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Post by sundaymorningstaple » Tue, 14 Nov 2006 2:47 pm

Having worked for 12 years all around the ASEAN region from 82 to 94 I'd have to say the monsoons rains here are not much different than anywhere else in the region.

The difference is in the infrastructure that Singapore has built over the past 30 years to achieve the rapid runoff required to prevent the flooding that is endemic to other areas in the region. Most of the flooding I've seen over the years was not because of continuous rains but of extremely heavy rains over short periods of time that overwhelmed the existing rudimentary infrastructure found in most of the neighbouring countries. One of the few places in Singapore that still floods with some regularity is the Chinatown Area of Singapore but it usually only coincides with a heavy downpour coupled with a high tide occurring at the same time.
SOME PEOPLE TRY TO TURN BACK THEIR ODOMETERS. NOT ME. I WANT PEOPLE TO KNOW WHY I LOOK THIS WAY. I'VE TRAVELED A LONG WAY, AND SOME OF THE ROADS WEREN'T PAVED. ~ Will Rogers

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Post by SgExpat » Sun, 19 Nov 2006 11:01 am

sundaymorningstaple wrote:One of the few places in Singapore that still floods with some regularity is the Chinatown Area of Singapore but it usually only coincides with a heavy downpour coupled with a high tide occurring at the same time.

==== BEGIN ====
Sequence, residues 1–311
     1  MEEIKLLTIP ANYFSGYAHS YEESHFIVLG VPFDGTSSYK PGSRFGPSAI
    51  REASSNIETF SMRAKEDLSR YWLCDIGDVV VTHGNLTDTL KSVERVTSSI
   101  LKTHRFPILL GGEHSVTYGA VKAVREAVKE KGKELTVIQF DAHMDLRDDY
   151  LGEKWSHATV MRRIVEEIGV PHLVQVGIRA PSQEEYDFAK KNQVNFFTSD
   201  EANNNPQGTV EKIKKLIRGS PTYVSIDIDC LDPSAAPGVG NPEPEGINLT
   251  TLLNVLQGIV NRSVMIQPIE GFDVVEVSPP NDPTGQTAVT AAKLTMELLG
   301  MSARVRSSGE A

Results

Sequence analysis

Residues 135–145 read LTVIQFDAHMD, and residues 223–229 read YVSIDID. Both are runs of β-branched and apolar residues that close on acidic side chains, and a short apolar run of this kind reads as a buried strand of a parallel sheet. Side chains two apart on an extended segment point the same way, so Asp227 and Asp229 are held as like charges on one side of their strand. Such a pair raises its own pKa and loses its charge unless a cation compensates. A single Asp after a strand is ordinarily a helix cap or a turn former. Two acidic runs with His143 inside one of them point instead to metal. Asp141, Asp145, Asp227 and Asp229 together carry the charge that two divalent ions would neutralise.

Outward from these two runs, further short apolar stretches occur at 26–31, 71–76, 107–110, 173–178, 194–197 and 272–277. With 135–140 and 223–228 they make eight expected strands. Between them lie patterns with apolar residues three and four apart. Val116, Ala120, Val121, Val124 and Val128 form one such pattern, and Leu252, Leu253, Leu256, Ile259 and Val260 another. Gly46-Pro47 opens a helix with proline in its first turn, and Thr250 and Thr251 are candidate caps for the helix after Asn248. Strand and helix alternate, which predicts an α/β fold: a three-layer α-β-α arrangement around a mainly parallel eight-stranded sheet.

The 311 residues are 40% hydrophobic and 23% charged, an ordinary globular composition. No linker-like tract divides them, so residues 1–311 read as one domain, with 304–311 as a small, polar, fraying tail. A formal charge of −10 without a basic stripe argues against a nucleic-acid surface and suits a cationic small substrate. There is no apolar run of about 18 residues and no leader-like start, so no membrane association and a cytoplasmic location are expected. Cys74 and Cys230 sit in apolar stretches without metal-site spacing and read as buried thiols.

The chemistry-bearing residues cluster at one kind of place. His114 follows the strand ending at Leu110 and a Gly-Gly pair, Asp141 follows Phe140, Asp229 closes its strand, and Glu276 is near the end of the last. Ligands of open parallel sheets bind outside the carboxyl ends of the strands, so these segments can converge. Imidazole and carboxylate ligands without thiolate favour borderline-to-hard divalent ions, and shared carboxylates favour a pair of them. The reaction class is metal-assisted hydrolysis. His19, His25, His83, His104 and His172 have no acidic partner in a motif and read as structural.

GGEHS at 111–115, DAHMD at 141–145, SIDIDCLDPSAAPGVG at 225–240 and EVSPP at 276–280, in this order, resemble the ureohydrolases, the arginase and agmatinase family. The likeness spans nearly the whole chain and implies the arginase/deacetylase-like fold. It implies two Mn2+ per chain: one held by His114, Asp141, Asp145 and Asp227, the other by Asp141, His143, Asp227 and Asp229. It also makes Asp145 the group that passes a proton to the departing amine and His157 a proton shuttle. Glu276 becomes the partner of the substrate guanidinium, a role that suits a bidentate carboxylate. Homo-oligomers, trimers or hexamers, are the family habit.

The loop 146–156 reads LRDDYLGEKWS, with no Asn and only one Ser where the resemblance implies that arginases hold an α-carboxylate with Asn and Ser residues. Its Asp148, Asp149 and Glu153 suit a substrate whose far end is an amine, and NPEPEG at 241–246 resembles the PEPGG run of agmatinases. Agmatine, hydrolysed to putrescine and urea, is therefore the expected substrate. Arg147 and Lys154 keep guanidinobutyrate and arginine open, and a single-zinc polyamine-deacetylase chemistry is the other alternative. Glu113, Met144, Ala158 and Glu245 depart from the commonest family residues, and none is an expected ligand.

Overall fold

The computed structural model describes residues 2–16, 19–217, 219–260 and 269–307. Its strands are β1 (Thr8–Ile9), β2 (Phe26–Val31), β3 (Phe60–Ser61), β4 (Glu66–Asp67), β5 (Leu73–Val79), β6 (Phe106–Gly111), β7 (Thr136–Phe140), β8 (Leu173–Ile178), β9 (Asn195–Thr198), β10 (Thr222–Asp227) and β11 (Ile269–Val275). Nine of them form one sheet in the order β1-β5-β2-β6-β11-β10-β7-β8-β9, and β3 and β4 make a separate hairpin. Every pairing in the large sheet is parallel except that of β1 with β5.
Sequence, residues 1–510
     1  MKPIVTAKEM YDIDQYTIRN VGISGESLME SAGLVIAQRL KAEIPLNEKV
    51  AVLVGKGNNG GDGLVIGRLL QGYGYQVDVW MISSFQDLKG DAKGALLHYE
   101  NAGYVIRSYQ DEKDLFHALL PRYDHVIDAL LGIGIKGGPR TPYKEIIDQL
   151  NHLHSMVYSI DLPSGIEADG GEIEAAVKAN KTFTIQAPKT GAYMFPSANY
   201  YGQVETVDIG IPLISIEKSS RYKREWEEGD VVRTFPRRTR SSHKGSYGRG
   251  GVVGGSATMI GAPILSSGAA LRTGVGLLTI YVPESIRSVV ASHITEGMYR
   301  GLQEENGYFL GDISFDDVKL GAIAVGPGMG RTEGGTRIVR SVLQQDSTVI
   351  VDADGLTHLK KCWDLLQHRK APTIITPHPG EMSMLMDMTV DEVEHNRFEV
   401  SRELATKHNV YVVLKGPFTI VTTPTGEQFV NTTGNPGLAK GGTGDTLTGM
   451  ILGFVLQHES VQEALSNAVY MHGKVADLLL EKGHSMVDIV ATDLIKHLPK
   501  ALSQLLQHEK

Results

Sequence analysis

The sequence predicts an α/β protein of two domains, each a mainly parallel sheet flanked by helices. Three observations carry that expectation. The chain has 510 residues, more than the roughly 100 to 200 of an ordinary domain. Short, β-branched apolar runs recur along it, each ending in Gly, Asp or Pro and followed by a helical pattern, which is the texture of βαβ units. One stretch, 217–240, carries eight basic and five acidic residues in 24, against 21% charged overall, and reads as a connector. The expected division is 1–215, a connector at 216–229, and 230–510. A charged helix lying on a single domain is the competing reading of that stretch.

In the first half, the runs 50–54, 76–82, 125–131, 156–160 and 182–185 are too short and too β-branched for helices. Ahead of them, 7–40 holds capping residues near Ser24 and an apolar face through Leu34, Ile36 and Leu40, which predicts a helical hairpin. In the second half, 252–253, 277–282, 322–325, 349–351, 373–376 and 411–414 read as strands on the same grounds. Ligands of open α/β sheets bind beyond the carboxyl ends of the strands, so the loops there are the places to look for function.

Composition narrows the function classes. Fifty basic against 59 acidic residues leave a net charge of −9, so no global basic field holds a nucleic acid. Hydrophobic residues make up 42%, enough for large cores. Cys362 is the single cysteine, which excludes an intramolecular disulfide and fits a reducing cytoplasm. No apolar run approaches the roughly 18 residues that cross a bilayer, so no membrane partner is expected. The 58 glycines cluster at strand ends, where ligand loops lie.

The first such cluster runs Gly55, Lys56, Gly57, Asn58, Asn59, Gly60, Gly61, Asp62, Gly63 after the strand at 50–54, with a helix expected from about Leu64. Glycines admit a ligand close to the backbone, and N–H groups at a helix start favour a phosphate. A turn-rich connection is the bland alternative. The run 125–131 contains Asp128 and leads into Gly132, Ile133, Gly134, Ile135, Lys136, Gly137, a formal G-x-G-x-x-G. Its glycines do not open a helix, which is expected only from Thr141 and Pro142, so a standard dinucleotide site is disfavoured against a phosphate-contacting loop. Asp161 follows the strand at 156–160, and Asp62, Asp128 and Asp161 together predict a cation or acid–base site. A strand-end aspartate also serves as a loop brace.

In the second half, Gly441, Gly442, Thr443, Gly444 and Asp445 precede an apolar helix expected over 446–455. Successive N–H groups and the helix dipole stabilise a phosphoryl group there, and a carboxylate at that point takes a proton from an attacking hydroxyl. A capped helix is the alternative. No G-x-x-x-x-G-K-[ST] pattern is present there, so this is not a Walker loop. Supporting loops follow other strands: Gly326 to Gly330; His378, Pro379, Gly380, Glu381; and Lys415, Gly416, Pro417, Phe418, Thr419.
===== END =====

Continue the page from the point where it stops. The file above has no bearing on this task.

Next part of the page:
Great info. Will advise my Chinese friends to avoid that area when its raining. Anywhere to check the "TIDE LEVEL"? :p

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Post by sundaymorningstaple » Sun, 19 Nov 2006 1:34 pm

SgExpat wrote:
sundaymorningstaple wrote:One of the few places in Singapore that still floods with some regularity is the Chinatown Area of Singapore but it usually only coincides with a heavy downpour coupled with a high tide occurring at the same time.
Great info. Will advise my Chinese friends to avoid that area when its raining. Anywhere to check the "TIDE LEVEL"? :p
Singapore Tide Tables

Flooding at Opera Estate
WHAT ENV IS DOING TO MINIMISE FLOODING

More rainy days are expected over the next two months with the onset of the north-east monsoon season. Over the past two days, flash floods had occurred in Alexandra Road area. The affected areas include Jervois Road, Delta Avenue, Prince Philip Avenue and Viking Road. The floods were of short duration and floodwaters subsided after less than an hour. These areas are known to be flood-prone and are served by the Alexandra Canal. ENV is currently widening and deepening the Alexandra Canal to reduce flooding in the Alexandra Road area.

Though the drainage infrastructure in Singapore is well developed, ENV is not taking chances and has put in place an action plan to alleviate flooding in Singapore. Under this plan, the Ministry has increased its frequency of cleansing of drains and canals in flood-prone areas and conducted more checks to ensure that our drains and canals are not obstructed.

In addition, actions to minimise flooding on our roads have been taken by a multi-agency Task Force led by ENV. The Road Drainage Task Force, comprising officers from the Land Transport Authority and ENV's Environmental Health Department and Drainage Department, meets regularly to resolve flooding problems on the roads.